Is The Fed’s Fight Against Inflation About To Take A Turn For The Worst?

All eyes are fixed on today’s August release of the US Consumer Price Index. Markets are expecting CPI prints in the next months to consolidate the return of inflation closer to the Federal Reserve's objective of 2%.


The CPI report out later today will provide the most recent indication of how far the Fed may need to go to get inflation back to its target. According to experts, monthly inflation is predicted to rise to 0.6% in August thanks to rising energy costs, while core inflation is expected to remain constant at 0.2%. Year-over-year, inflation is anticipated to grow to 3.60%, but core inflation is expected to fall by 4.3%.



US CPI data October 2022 - Jul 2023


Figure 1: US CPI Data, Source: U.S. Bureau of Labor Statistics



If markets witness more sticky inflation higher than the 0.6% forecasted by experts, the bond market could start pricing in another rate hike before the end of the year, and possibly as early as November.


Markets are currently pricing in a 7% probability of a 25-basis point hike next week, with this jumping to 46% by November, according to Fed funds futures.


The recent substantial spike in the price of oil and several food products threatens to erode what has been a very beneficial and robust disinflationary drive from the goods sector up to this point. When this is combined with base effects becoming a headwind, the economy may see an increase in the frequently reported annual headline inflation statistic in the following months.


Although reported inflation has been improving for months, Federal Reserve authorities, including Governor Christopher Waller, are rightly concerned that the data could see a shift in direction.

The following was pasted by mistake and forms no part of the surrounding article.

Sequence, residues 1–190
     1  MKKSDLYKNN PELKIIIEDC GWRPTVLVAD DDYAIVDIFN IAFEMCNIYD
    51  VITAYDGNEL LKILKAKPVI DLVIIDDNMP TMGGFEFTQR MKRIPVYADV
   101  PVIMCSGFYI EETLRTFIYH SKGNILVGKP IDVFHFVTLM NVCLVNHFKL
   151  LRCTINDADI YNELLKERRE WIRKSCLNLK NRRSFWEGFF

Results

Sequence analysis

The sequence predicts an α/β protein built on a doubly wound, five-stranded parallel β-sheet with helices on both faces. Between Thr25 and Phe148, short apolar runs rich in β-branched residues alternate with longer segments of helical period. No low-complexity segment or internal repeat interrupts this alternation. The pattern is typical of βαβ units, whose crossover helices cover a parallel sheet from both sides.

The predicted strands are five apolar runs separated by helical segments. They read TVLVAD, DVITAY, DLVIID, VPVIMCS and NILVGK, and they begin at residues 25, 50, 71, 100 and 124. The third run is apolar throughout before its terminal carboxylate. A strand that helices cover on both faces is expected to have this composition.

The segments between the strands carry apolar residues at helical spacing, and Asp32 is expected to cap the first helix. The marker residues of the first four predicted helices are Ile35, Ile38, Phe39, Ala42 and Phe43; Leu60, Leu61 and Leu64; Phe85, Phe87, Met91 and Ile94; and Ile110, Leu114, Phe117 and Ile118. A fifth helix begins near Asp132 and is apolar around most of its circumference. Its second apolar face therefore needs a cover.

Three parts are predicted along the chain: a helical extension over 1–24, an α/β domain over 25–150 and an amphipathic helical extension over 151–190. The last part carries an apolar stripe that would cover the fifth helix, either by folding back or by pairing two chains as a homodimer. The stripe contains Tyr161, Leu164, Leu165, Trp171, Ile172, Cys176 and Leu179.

Waller summarized the situation in an interview with CNBC as follows: “We’ve been burned twice before. In 2021, we saw it coming down and then it shot up. At the end of 2022, we saw it coming down, and that all got revised away. So, I want to be very careful about saying we’ve kind of done the job in inflation until we see a couple of months continuing along this trajectory before I say we’re done doing anything.”


If the inflation figures come in below market expectations, it could strengthen the case that the Fed will end its rate hike cycle in 2023, potentially depressing the US dollar. A sticky inflation print, on the other hand, might provide additional support to dollar bulls, as expectations of additional Fed rate hikes will likely gain more traction.





The content published above has been prepared by CFI for informational purposes only and should not be considered as investment advice.  Any view expressed does not constitute a personal recommendation or solicitation to buy or sell.  The information provided does not have regard to the specific investment objectives, financial situation, and needs of any specific person who may receive it, and is not held out as independent investment research and may have been acted upon by persons connected with CFI.  Market data is derived from independent sources believed to be reliable, however, CFI makes no guarantee of its accuracy or completeness, and accepts no responsibility for any consequence of its use by recipients.